Hi Everyone!

I scheduled this post to appear on the 4th January while I was on leave but for some reason it didn’t appear. Not quite sure why, it just said “missed schedule”. Who know’s… anyway I hope you enjoy the post 🙂

This month I have started in a new bee – The Stash Bee Hive 8. I am the “Mama” of the hive, so January was my nominated month to have everyone make a block for me. I have to prepare a tutorial of my block for my bee to make me, so I thought I’d share that same tutorial here for those who are interested in making it also…

The block I am making today is called a  Tonganoxie Nine Patch…

(a what now? I hear you ask. Yes it is called that strange name. I did not come up with the name. My inspiration came from a book I have called 501 Rotary Cutter blocks although I have pieced it differently to save time).

finished block

(oh my I just now noticed that I clipped the block on the hanger in a different orientation to which I laid out the fabric – SORRY – I hope that doesn’t confuse you too much when it comes to the fabric layout!!)

This block is a quick, easy sew because it uses strip piecing. It is 14 inches square “unfinished”. In other words when the blocks are sewn together it’s finished size will be 13.5 inches square.

I am planning to make a lap quilt for my recently renovated living room with these blocks, so I have chosen my favourite colour scheme in keeping with the colour scheme of our room…

IMG_1242ec (Large)


To make this 14inch unfinished block in the same fashion as I piece you will need small pieces of 10 fabrics:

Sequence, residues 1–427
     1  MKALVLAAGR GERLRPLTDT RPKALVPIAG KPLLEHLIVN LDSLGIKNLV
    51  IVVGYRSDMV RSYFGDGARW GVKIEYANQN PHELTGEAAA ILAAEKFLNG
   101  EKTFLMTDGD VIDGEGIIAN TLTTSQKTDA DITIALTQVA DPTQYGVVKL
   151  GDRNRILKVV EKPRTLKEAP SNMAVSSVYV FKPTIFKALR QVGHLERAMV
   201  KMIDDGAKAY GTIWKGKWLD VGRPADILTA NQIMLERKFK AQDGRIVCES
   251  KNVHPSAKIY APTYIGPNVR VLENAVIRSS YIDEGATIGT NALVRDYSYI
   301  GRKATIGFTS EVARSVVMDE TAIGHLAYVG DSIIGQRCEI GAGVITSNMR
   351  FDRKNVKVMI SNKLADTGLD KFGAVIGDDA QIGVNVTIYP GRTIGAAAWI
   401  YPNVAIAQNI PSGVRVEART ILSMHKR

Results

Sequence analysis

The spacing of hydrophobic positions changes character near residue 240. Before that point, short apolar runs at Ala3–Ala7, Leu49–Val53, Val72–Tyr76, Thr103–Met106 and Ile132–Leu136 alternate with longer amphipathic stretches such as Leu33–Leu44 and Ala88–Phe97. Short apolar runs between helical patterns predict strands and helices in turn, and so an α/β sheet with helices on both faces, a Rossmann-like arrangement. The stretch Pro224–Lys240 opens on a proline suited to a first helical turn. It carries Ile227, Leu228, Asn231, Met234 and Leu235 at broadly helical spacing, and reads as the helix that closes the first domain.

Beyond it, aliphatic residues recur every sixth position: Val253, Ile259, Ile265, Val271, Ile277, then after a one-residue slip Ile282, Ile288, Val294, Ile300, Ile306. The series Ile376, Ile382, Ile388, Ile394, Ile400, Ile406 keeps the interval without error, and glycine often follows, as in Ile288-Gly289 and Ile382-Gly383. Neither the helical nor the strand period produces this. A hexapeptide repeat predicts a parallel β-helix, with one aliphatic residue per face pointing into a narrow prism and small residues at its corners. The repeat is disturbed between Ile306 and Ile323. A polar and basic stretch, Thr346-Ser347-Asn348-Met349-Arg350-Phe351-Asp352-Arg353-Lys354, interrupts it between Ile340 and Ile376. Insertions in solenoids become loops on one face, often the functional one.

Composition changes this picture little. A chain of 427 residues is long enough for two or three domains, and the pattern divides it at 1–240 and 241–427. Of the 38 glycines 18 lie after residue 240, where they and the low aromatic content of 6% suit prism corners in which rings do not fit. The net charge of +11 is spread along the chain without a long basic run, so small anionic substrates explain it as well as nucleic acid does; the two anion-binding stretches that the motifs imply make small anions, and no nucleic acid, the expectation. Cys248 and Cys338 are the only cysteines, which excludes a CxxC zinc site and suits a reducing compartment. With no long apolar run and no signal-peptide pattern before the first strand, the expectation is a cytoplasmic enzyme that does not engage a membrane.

2 x low volume fabrics which read white

2 x light grey fabrics

2 x light aqua fabrics (or supplement for whatever colour you like)

2 x dark aqua fabrics (or supplement for whatever colour you like)

1 x dark grey fabric

1 x blue solid  (or solid/print of your chosen colour)

Rather than use 100 billion 2 1/2 by 2 1/2 squares like the original pattern suggests I have strip pieced and then cut down to save time. If you would prefer a more scrappy look you can choose to cut 36 2 1/2 inch squares of any colour and follow the layout instructions at the end.Here are the cutting instructions for how I’ve pieced it though….
fabric directions
You should end up with this many pieces…
IMG_7714 (Large)
Except for your two light aquas, dark aquas and low volume whites should be different from each other because I changed my mind and decided the block needed more fabrics after doing the first layout…
Now take 1 light aqua strip, 1 dark aqua strip and 1 low volume white strip and piece them together like so…
IMG_7716 (Large)

Make sure it goes low volume, dark aqua, light aqua when you are piecing them…

Do the same for your other blue & white strips but this time make sure to alternate your strips so that they this time go low volume, light aqua, dark aqua.Now take your 3 grey strips and piece them together in the same fashion but with the dark grey strip in the middle.
Next we need to trim each of these strip pieced units down into four 2 1/2 inch wide units like so…
IMG_7719 (Large)
I have allowed you 1/2 inch extra in the cutting instructions so that you can trim them up nice and straight.Arrange the units into your block layout…
IMG_7728 (Large)
Please make sure that it is exactly uniform like this, so that for example all the same low volume pieces are in the middle and the other 4 the same are all on the outside. Make sure they aren’t half and half/mixed up etc…Piece your block together in the following order…

IMG_7727 (Large)

By now you should have a finished 14inch block – YAY!!

At this stage I plan to sash my blocks with a low volume text print and set them on point, but when I receive them all from my bee members I reserve the right to change my mind completely 😉

I think this block would really lend itself to being made in a rainbow of colours and being sewn together into a rainbow quilt. Perhaps one day I will get the motivation to see that idea through to a finished project, but for now I’ll leave it with you as food for your thoughts.

I’ll be sure to show you my other blocks as they arrive.


Blog ending

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